Spanish dancers make excellent subjects for paintings, especially if they’re enjoying success at the time. Carmen Dauset Moreno (1868-1910), popularly known as Carmencita or La Carmencita, was perfect for that role.
Born in Almería, Spain, she learned to dance in Malaga, dancing professionally there in the Cervantes Theatre in 1880. In a couple of years she was touring Spain, then went on to dance in Paris and Portugal. Her performance in the Exposition Universelle in Paris in 1889 impressed a theatrical agent, who invited her to visit the US – under his management, of course.
She first appeared on stage at Niblo’s Garden in New York on 17 August 1889, and the following year changed managers and moved to the 23rd Street Concert Hall. In 1895 she returned to Europe, touring in London and Paris, before dying at the age of only 42.
Both John Singer Sargent and William Merritt Chase set off in pursuit of her, in the hope of painting her in 1890. Sargent was commissioned to paint her by his patron Isabella Stewart Gardner, and was already working on studies in preparation when he came across Chase, who was looking for the right opportunity.
At this time, Chase had his Tenth Street studio, in which he had already been arranging theatrical spectacles for his patrons. Sargent wrote to Chase, suggesting that the studio would be an ideal venue for her to appear, allowing both artists to paint her there.
Sargent – and probably Chase as well – was already aware of Manet’s oil painting of Lola de Valence (1862), and perhaps his preparatory watercolour. Although now one of Manet’s less well-known paintings, it was celebrated at the time for conforming more to artistic norms, and had been accompanied by verse written by Baudelaire.
Sargent already had a track record of painting his Spanish Dancer (1880-81).
On the evening of 1 April 1890, Sargent, Chase, and Carmencita met in Chase’s Tenth Street studio; she danced for them, and they sketched.
On this occasion, Sargent opted for a more static pose, similar to that of Manet’s painting, in his La Carmencita (1890), with her hands at her hips, driving her bust out and her chin high, in assertive pride.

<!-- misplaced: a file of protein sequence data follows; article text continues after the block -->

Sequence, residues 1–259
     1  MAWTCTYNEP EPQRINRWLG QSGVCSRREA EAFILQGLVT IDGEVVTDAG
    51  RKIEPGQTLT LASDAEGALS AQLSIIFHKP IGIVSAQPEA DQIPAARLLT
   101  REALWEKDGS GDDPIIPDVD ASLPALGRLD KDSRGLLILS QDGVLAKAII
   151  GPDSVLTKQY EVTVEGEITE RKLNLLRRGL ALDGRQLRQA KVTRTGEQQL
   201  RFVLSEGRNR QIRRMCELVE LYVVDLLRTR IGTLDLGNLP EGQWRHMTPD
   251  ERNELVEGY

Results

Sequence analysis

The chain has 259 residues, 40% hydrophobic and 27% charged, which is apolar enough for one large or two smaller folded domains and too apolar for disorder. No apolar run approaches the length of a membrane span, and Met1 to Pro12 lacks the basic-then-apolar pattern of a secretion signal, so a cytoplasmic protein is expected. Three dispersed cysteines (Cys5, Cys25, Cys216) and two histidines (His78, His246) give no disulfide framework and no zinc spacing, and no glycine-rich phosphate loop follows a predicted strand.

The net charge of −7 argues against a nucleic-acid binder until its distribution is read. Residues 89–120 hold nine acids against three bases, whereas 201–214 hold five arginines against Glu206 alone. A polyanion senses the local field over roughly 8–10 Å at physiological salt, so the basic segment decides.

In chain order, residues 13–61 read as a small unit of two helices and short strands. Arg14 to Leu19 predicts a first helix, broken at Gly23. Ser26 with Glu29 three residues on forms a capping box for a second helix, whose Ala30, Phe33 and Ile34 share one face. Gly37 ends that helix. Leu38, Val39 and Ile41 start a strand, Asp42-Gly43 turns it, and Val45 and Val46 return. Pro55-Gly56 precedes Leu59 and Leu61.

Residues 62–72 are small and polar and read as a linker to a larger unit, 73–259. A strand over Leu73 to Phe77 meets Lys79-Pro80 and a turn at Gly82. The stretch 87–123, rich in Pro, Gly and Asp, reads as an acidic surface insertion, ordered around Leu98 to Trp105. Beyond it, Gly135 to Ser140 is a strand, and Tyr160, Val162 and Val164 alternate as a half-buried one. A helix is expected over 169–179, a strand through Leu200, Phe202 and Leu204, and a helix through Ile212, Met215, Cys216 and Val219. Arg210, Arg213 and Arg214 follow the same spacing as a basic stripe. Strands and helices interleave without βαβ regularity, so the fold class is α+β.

Chase shows her in the midst of her dance, dynamic, vivacious, and happy. Her fingers play castanets, and her sash is thrown away from her body with her movement.
There are two other significant portraits of Carmencita, painted rather later.
Fifteen years later, a decade after her dancing career went into decline, Sargent produced a completely different portrait, one of his best, in my opinion. Now his virtuoso brushstrokes capture her motion. His inspiration was no longer Manet, but Giovanni Boldini.
A mutual friend of Sargent and Chase was (James) Carroll Beckwith (1852-1917), who had been a pupil of Carolus Duran alongside Sargent in 1877. Although Beckwith missed the performance in Chase’s studio on 1 April 1890, he caught up with her when he was in Paris, probably, in 1907.
Beckwith’s Carmencita (1907) shows an older woman, no longer dancing, but holding a guitar. The swirl and flash of her youth have faded, and in three years she was dead.
Chase, Sargent, and Beckwith were contemporaries and good friends. Both Sargent and Beckwith painted Chase’s portrait, which perhaps reveal insights into Chase’s personality that we might otherwise miss.
Beckwith painted Chase in 1881-82, when Chase was in his early thirties. His patent leather shoes appear quite incongruous, and his left hand looks much older than his face.
Sargent shows Chase in his fifties, immaculately dressed, with a carnation in his button-hole, and the tools of his art in hand.
With the centenary of Chase’s death drawing close, they are fascinating images to bear in mind.
Smithgall E et al. (2016) William Merritt Chase, A Modern Master, The Phillips Collection and Yale UP. ISBN 978 0 300 20626 5.